Daiva Stasiulis and Abigail B. Bakan
While the designated rights of capital to travel freely across borders have increased under neo-liberal globalization, the citizenship rights of many people, particularly the most vulnerable, have tended to decline. Using Canada as an example of a major recipient state of international migrants, Negotiating Citizenship considers how migrant women workers from two settings in the global South–the West Indies and the Philippines–have attempted to negotiate citizenship across the global citizenship divide.
Daiva K. Stasiulis and Abigail B. Bakan challenge traditional liberal and post-national theories of citizenship with a number of approaches: historical documentary analyses, investigation of the political economy of the sending states, interviews with migrant live-in caregivers and nurses, legal analyses of domestic worker case law, and analysis of social movement politics. Negotiating Citizenship demonstrates that the transnational character of migrants' lives–their migration and labour strategies, family households, and political practices–offer important challenges to inequitable and exclusionary aspects of contemporary nation-state citizenship.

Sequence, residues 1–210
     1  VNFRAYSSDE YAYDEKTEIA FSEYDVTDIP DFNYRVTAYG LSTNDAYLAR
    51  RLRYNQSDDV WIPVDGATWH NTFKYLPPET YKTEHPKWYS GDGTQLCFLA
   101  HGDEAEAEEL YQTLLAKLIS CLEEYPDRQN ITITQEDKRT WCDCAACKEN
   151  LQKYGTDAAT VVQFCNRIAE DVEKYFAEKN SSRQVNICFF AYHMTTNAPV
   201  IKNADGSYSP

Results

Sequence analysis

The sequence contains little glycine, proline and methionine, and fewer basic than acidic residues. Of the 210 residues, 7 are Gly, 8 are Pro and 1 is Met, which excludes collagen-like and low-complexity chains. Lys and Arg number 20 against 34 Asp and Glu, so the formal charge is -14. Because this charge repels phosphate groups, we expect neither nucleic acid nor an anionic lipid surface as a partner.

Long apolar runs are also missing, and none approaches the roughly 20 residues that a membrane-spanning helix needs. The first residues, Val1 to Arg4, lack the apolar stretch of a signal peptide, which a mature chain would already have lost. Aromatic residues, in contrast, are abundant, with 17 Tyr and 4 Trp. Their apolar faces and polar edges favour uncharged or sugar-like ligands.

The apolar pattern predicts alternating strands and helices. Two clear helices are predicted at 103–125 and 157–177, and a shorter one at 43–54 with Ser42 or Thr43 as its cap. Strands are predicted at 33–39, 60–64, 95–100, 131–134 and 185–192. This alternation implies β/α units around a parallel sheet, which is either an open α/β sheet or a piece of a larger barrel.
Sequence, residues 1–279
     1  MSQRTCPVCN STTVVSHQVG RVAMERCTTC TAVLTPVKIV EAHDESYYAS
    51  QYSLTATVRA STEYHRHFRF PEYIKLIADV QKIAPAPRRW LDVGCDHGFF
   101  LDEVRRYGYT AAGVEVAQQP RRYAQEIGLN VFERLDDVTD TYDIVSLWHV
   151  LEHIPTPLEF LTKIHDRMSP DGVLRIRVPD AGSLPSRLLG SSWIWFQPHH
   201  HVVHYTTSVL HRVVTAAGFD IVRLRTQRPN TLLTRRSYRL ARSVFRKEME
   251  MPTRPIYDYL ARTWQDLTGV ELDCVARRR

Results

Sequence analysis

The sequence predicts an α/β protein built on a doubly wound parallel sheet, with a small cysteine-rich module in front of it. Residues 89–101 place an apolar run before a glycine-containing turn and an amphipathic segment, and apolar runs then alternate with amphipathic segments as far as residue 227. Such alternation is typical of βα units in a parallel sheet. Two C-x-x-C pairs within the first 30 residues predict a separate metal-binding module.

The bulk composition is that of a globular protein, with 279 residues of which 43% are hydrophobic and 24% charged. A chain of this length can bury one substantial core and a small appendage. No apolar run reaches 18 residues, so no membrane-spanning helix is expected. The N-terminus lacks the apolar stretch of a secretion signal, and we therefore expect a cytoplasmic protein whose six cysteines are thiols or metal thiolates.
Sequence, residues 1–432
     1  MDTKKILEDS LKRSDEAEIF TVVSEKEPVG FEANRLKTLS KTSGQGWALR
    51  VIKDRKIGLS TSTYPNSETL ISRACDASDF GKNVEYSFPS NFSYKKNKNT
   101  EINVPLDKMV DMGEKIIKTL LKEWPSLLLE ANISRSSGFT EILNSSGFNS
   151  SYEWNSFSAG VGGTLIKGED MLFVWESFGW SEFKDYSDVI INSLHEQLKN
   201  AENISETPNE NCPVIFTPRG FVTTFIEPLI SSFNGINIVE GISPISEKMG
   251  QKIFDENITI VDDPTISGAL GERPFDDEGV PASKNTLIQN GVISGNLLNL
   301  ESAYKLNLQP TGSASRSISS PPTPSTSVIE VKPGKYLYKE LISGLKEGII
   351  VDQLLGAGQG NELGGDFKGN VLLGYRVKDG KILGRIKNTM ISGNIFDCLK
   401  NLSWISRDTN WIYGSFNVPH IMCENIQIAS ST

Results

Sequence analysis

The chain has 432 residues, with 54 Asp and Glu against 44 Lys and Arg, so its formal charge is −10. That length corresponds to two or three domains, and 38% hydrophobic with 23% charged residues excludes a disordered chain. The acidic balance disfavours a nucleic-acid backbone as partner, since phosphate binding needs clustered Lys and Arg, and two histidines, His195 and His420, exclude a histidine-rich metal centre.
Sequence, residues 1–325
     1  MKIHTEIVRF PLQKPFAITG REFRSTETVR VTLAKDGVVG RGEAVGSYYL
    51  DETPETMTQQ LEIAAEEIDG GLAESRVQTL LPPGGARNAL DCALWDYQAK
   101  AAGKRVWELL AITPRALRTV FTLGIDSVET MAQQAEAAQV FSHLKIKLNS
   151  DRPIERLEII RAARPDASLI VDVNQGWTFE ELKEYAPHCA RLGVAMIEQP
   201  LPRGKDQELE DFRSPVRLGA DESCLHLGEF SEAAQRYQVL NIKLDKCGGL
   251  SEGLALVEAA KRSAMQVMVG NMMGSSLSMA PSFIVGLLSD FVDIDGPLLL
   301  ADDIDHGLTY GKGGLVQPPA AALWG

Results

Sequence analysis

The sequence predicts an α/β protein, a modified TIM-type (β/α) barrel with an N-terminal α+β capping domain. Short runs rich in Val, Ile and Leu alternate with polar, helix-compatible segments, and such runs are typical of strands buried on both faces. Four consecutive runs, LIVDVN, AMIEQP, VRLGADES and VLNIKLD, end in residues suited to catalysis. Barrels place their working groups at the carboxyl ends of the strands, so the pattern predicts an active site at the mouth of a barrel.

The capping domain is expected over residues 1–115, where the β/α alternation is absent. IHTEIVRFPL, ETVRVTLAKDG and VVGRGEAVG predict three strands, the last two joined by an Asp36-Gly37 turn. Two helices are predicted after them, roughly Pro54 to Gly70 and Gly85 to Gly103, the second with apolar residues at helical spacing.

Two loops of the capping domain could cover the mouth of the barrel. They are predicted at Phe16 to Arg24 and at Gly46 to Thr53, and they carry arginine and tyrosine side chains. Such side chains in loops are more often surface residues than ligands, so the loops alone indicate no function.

- Place published
University of Toronto Press
- Economic sectors
General relevance - all sectors
- Content types
Policy analysis, Documented cases of abuse, and Statistics on work and life conditions
- Target groups
- Geographical focuses
Philippines, India, and National relevance
- Spheres of activity
Gender and sexuality studies, History, Law, and Political science